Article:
Honking for equality
Last night, I joined my friends Adriana and Dawn on the corner of Ted Williams and Pomerado in scary, scary Poway to hold “No on 8″ signs for the folks stuck at traffic lights during rush hour. Adriana and Dawn live there, in the belly of the beast, and have had their “No” signs stolen from their lawn repeatedly. (Of course, this sign-stealing has been going both ways. But it’s illegal. And not nice. And it makes whoever does it an enemy of free speech. You have every right to free speech, even if you are an ignorant bigot. That’s what we should all have learned from Stokie, Illinois.) Apparently, before Adriana and Dawn’s bravery — they started standing on the corner with their signs over the weekend — no one in Poway has seen anyone from the side of the Good and Just doing any direct marketing. Instead, the folks backing Prop 8 have been out in force with their giant yellow signs emblazoned paradoxical slogans. (According to them, Prop 8 will protect free speech. That’s the sort of legal logic that the geniuses at the Alliance Defense Fund use, which may be why they lose every court case they’re involved in.) So, my lesbian pals decided that they needed to rep-re-sent!
I must admit I was nervous. The “Yes on 8″ wackos have been out in force over the last few weeks, and some of them have been violent when confronted with people they disagree with. (By the way, hate crimes against gay people are on the rise.) And when I drove up to the corner, I saw a horde of Yes-ees walk past Adriana and Dawn and cross the street to man their corner. Happily, Adriana and Dawn had their own horde. I parked by the Outback Steakhouse — there were a lot of “blooming onion” jokes that night — and spent five minutes or so making my sign. (I had driven down the No HQ in Hillcrest to get some official signs, but they were out. Which is a good, uh, sign. Ha.) My Sharpie kind of sucked on my lame Rite-Aid poster board, but it did the job well enough, I guess. In fact, I think that having mostly home-made signs made us look a lot more emotionally invested in our position than the Yes-ees, who looked a lot like they were an over-funded guerrilla marketing team hired by an anti-gay corporation. Oh, wait. That would be the Church of Jesus Christ and Latter Day Saints.
Adriana had a sign that said “HONK FOR EQUAL RIGHTS” and, wow, that sign is probably the reason that I felt so darned good while I was out there. And by “darned good,” I mean fabulous! People honked and honked and honked. People stopped and asked when we would be there again, because they wanted to join us. People parked, made their own signs, and joined us. Teenagers drove by and cheered. Old ladies cheered. Mexican-Americans honked. African-Americans honked. Asian-Americans honked. Guys in convertible BMWs cheered. Ladies in SUVs cheered and honked.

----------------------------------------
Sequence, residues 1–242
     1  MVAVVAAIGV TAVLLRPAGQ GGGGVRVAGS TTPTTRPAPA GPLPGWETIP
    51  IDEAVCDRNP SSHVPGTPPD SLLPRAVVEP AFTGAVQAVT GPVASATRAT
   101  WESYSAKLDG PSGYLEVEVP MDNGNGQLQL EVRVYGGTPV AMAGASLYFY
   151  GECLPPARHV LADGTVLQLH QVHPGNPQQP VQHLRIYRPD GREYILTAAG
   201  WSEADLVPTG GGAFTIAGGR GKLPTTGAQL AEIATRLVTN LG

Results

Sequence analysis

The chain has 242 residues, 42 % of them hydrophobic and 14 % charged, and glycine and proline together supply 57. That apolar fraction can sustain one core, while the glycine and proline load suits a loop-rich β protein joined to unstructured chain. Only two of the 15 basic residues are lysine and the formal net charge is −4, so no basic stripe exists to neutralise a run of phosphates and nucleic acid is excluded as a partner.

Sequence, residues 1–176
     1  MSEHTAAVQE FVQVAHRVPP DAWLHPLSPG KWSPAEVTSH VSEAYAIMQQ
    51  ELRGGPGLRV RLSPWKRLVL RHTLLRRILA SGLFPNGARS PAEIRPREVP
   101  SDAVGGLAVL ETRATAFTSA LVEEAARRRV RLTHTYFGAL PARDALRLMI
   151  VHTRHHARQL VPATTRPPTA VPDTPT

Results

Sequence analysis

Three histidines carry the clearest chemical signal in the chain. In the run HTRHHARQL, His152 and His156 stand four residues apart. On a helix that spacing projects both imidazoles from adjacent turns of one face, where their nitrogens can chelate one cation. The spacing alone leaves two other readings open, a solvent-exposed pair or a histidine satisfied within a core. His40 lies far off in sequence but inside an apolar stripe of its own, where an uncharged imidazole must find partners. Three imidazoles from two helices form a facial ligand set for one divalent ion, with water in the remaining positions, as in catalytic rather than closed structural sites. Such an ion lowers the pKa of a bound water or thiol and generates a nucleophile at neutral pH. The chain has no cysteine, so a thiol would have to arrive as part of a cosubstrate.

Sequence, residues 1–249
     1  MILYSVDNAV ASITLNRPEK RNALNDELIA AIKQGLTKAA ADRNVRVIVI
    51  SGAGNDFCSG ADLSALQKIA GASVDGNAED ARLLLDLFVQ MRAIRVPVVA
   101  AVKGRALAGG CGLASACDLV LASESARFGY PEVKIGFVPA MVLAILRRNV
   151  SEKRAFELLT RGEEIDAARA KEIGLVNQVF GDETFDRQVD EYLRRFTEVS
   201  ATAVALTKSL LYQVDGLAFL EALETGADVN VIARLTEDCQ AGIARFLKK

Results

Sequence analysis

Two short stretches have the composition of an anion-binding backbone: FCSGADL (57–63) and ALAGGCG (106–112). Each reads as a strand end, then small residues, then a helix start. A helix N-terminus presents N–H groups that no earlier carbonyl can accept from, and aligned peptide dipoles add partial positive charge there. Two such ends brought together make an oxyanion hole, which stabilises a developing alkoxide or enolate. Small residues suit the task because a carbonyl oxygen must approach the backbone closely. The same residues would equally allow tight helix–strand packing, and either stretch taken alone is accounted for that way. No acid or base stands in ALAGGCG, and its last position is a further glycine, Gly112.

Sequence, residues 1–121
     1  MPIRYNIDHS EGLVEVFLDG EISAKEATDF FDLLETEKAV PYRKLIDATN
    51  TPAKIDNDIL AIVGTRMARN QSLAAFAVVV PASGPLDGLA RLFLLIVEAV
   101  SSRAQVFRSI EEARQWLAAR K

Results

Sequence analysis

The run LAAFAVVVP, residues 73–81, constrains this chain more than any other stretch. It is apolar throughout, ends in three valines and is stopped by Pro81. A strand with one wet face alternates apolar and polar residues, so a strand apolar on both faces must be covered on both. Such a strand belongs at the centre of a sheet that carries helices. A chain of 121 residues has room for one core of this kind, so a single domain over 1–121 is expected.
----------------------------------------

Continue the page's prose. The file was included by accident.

The Yes-ees didn’t have a “Honk for Hate!” sign — since all of their signs were from the official campaign, which, by the way, outsourced the printing to China, the land of the free — so they didn’t get many honks. They got some. But it was hard to tell who was honking for whom when the honking car was on the other side of the street.
Now, we did get some nasty people. I counted three middle fingers and several more downed thumbs. To them, we shouted, “Jesus loves you!” and waved, which probably annoyed them a lot more than if we had responded in kind. But no one yelled at us. People did yell at the Yes-ees, though. One lady in a HUGE Suburban screamed at them for the entirety of a red light and kept screaming as she drove away. Her teenage daughter in the front passenger seat was mortified. Ha.
At 6:30pm, the sun was below the horizon and people started going home. Babies needed to be fed, and rehearsals needed accompaniment. (Gay!) Since we were on the corner where the parking lot was, the Yes-ees had to pass us to get to their cars. I tensed up. Which I didn’t need to. They all said, “Good evening!” and “Have a great night!” and “See you later!” (Earlier, I heard, when they arrived at the intersection, they told Adriana and Dawn, “Good luck!”) One guy stayed on our corner with us and held up his sign — he seemed to be waiting for his teenagers — and joked with us. I’m stereotyping, I know, but I was convinced these Yes-ees were Mormons. No one else is that polite to their enemies.
Tonight, I will be joining fellow grad students on my corner in La Jolla, waving signs to remind La Jolla’s drivers that we’re here, some of us are queer, and we should all be fighting for equality.
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